Do you get involved in other aspects like editing, cinematography, sound?
Yes, I’m involved in other aspects of the production as well. Since my name will remain in the film and series as a Director forever, I have to make sure that every production process has been done perfectly.
Are you a strict director when it comes to actors?
Well, I would say that I’m more like a thoughtful thinker, but I’m actually not strict. Sometimes, strictness causes the performers (to feel) pressure, and pressure doesn’t make them perform well (except for some cases).
That’s why I don’t want to cause them more pressure, especially the young ones who have already put too much pressure on themselves. So I need to make them relax when we work together, then they can really concentrate on their performances.
Do you have filmmakers you admire and are role models for you?
Yes, my role models are Director M.L. Panthewanop Thewakul and Director Songyos Sukmakanan.
A Tweet from Mr. Utain ( the author of My Ride) says that you wanted to know the actors auditioning about their view of LGBTQ. Why?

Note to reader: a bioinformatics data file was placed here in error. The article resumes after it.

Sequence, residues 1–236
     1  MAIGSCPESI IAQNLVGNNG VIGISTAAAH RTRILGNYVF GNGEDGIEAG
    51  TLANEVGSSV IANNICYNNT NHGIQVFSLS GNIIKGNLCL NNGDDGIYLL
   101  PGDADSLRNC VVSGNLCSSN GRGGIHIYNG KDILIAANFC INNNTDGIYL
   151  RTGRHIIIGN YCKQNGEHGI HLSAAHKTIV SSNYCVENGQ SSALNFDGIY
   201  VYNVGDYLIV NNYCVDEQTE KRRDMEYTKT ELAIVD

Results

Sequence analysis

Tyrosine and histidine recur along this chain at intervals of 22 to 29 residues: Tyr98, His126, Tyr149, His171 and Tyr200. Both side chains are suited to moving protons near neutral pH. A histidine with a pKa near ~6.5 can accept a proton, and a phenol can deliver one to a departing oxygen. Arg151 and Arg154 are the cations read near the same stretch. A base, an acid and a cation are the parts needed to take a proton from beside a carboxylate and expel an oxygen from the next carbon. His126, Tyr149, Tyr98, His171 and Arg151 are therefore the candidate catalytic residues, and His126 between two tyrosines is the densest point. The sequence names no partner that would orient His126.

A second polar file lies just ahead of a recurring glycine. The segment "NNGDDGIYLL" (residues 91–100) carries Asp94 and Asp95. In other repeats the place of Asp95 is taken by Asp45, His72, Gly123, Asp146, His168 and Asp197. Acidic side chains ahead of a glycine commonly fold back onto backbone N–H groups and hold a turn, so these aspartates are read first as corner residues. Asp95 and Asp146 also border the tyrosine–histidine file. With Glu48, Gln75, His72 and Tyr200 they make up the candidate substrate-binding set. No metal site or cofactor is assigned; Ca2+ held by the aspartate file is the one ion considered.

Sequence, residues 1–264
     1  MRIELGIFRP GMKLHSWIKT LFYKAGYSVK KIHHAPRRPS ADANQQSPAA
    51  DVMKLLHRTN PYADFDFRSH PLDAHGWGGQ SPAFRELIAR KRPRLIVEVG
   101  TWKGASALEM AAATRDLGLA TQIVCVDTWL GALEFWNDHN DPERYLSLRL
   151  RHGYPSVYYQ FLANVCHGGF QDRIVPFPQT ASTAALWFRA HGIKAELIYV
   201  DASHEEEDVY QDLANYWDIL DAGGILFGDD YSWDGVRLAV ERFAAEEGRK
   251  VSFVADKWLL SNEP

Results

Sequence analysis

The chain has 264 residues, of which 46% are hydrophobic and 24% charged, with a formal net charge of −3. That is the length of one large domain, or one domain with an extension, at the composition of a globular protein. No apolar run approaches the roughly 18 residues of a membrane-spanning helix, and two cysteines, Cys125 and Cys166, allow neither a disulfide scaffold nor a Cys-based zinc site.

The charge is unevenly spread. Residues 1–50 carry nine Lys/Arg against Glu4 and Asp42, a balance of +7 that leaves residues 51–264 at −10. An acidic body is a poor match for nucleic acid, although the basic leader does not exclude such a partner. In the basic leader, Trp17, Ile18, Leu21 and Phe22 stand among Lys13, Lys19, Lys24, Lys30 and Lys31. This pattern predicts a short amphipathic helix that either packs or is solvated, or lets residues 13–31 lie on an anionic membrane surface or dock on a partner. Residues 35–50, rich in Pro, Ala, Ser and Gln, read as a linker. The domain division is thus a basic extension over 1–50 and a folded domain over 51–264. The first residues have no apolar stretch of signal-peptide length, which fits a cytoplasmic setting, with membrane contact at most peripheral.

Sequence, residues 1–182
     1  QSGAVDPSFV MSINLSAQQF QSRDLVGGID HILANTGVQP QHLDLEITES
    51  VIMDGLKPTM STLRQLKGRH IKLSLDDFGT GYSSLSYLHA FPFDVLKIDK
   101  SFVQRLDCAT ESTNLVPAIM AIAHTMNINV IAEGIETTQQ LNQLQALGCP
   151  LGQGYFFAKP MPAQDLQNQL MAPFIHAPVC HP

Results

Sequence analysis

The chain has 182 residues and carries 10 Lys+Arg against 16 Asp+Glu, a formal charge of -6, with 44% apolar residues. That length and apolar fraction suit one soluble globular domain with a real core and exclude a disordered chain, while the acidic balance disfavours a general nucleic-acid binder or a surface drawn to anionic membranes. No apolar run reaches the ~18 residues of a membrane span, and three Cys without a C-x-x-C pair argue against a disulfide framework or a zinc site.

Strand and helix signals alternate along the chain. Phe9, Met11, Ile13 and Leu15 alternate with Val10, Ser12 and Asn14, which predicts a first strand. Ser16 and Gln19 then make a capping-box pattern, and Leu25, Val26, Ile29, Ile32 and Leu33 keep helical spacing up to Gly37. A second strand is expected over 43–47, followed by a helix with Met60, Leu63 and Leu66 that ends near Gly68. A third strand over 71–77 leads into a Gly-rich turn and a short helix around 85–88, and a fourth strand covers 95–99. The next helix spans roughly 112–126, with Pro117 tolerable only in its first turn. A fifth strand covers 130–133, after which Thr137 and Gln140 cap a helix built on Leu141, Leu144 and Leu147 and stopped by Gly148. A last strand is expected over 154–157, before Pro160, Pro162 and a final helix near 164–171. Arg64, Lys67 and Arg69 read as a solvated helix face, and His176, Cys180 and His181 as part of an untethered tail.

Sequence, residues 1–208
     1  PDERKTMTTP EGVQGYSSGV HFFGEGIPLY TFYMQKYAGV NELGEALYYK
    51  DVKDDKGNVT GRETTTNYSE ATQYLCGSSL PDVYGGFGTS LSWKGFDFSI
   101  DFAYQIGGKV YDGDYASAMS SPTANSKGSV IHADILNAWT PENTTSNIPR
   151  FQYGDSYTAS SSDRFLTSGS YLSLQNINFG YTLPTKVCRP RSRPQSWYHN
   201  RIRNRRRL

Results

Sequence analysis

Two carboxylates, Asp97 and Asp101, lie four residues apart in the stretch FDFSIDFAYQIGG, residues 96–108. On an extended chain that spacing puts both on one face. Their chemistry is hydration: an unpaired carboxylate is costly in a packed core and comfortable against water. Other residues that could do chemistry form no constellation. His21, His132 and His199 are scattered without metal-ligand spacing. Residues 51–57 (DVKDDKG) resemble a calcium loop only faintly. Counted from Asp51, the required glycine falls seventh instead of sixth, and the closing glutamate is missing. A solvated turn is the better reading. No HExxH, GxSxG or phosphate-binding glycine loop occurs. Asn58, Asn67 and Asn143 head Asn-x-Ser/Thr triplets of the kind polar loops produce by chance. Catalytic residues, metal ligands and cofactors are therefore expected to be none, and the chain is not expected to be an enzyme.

Actually, it’s quite a personal reason. For me, as a Director, I know why I want to do the Series about LGBTQ, so I would like to know the perspective of the performers regarding this issue and see how they’re going to express it to the audiences as well. Surely, there are a lot of Film and Series’ projects that open for casting calls, and the performers need to show their abilities in order to be chosen, so is mine.
However, I’m not only looking for the performers, but also the ones with the similar point of view about this project, just to make sure we’re on the same page.
If given the chance, will you do a drama series of 10 episodes or do a movie Why?